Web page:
“I had forgotten that I’d signed up for the FMP interview with GE,” he says. “I got a call from the career counselor, reminding me that the interview was in two days. I said, ‘You know what? You can take me off that list. I’m going to New York.’ She said, ‘Excuse me?’ I said, ‘Yeah, I’m going into investment banking.’ She said, ‘Listen. Thousands of kids wanted this interview. You’re one of the few that got it. You’re going through with it.’ So I did.”
The educational program was certainly challenging, says Bornstein. But he was thrown into a situation that allowed him, just two years out of school after completing the FMP, to be pitching ideas to senior management, including the CEO, at one of the world’s biggest companies.
Through the program, “I learned how to compete,” he says. “That’s a fundamental value at GE. We certainly want our people to compete successfully against companies like Siemens and Pratt Whitney. But the reality is, they’re all competing inside the company too, but we want them to do it collaboratively — the right way. Not doing it that way poses as big a limitation on their progression in this company as anything else.”
It could be tricky, of course, to influence a positive, collaborative spirit when the collaborators are competing against one another for career advancement. But, Bornstein says, “We’re very clear about how we expect them to behave. This is both an individual sport and a team sport. If we’re not all winning, then no one is winning. That’s certainly not unique to GE. You may think you’re not competing every day when you go to work, but you are.”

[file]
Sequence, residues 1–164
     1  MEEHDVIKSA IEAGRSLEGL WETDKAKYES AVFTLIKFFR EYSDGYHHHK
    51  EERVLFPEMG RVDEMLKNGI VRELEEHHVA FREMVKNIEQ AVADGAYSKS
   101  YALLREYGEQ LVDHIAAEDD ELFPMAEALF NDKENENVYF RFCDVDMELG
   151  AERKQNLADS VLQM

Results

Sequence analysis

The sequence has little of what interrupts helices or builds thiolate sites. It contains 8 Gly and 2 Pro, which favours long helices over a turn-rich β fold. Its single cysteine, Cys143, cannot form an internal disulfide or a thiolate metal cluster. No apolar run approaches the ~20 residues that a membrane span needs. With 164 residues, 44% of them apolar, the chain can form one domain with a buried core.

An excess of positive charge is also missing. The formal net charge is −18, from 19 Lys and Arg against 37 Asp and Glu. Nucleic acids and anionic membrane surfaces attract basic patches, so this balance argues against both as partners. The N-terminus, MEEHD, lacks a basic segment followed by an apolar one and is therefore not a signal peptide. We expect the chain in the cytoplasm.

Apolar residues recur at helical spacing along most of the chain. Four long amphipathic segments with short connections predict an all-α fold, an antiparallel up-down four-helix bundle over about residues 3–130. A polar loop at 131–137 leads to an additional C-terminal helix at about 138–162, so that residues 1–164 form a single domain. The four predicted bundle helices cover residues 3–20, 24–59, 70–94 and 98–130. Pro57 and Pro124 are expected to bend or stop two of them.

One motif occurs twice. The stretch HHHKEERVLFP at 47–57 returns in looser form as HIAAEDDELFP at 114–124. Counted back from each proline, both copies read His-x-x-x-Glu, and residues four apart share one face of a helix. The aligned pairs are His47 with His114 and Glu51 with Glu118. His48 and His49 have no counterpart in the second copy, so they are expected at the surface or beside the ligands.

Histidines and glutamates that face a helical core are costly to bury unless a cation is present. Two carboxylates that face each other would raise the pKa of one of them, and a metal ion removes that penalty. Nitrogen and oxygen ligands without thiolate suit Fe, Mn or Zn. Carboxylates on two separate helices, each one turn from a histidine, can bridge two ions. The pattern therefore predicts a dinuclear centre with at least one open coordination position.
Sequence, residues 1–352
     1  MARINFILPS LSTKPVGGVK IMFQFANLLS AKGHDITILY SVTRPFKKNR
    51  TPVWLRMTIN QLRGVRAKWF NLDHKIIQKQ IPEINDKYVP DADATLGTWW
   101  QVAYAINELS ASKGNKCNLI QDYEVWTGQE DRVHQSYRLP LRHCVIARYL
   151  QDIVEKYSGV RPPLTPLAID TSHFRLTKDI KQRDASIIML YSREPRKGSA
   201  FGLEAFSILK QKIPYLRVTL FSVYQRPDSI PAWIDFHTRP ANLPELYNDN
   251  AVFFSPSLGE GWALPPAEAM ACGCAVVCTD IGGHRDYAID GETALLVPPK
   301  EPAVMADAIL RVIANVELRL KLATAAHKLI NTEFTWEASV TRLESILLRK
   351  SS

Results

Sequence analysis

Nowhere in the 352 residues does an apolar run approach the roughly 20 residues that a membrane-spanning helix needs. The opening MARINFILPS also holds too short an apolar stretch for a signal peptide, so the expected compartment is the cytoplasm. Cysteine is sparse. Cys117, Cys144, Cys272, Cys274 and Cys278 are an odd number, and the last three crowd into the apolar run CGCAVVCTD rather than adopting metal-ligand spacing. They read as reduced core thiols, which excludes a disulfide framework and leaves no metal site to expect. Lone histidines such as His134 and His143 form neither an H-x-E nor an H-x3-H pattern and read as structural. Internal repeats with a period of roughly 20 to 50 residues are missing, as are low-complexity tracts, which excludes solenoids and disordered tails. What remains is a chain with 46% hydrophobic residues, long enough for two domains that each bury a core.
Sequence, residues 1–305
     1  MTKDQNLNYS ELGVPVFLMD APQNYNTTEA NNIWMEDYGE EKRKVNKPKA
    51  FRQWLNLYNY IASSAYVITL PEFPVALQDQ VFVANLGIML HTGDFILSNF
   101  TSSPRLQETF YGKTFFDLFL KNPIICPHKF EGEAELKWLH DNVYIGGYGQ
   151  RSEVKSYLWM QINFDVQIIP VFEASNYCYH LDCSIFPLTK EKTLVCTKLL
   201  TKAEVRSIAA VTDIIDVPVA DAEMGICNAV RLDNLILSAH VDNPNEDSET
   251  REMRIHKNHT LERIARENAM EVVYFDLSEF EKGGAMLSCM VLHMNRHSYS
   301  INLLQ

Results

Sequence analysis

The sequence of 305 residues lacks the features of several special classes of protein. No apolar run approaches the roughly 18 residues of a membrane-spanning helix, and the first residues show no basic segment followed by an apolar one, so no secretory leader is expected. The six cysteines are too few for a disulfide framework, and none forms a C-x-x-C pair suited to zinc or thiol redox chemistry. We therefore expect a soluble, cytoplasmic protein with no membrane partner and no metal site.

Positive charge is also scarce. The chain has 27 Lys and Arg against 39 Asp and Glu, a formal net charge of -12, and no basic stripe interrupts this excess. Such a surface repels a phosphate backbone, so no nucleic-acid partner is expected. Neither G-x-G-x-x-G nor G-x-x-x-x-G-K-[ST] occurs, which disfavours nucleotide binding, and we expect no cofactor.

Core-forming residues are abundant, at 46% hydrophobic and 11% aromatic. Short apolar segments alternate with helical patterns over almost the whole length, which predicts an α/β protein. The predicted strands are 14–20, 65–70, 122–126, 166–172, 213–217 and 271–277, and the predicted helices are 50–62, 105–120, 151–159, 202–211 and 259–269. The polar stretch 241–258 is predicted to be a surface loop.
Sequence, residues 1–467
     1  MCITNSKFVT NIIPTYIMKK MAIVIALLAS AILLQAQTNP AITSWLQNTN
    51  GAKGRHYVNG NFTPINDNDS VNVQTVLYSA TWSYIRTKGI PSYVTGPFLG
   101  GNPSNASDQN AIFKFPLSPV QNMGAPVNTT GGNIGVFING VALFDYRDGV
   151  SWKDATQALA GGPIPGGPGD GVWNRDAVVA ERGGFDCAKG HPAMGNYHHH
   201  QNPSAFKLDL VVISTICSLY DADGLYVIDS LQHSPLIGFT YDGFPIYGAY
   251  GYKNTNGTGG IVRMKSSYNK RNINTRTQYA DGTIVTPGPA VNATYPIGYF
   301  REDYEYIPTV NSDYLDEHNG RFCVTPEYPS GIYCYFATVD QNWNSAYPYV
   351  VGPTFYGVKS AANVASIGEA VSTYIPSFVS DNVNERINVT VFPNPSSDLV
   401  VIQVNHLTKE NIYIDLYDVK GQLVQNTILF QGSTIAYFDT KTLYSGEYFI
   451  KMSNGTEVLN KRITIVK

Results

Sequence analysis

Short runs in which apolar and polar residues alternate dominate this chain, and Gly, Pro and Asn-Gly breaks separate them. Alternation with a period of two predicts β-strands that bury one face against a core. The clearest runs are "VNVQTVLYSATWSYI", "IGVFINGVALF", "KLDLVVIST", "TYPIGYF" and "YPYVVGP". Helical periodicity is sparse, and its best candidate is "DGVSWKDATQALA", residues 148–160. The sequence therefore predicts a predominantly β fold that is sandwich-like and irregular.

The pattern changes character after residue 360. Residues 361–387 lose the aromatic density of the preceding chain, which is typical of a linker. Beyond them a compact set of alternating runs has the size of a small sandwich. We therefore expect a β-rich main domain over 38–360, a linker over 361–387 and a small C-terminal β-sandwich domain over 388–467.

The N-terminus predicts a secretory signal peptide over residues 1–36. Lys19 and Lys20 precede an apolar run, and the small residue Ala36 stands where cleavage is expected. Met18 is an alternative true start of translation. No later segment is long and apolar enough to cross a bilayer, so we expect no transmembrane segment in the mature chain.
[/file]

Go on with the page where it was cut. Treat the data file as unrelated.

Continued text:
Bornstein says that while in the FMP, he had some experiences that involved making commitments to senior managers and having to organize and rally a team to deliver on the commitments.
“That was probably my single biggest learning,” he says. “It’s much easier as an individual contributor to deliver results. But as you get more senior, there’s only so much you can do as an individual. GE is arguably the most complex industrial company in the world. That means getting groups of people focused on what success looks like, understanding exactly how to get there from where we are today, and doing it in a way that everybody feels good about. ”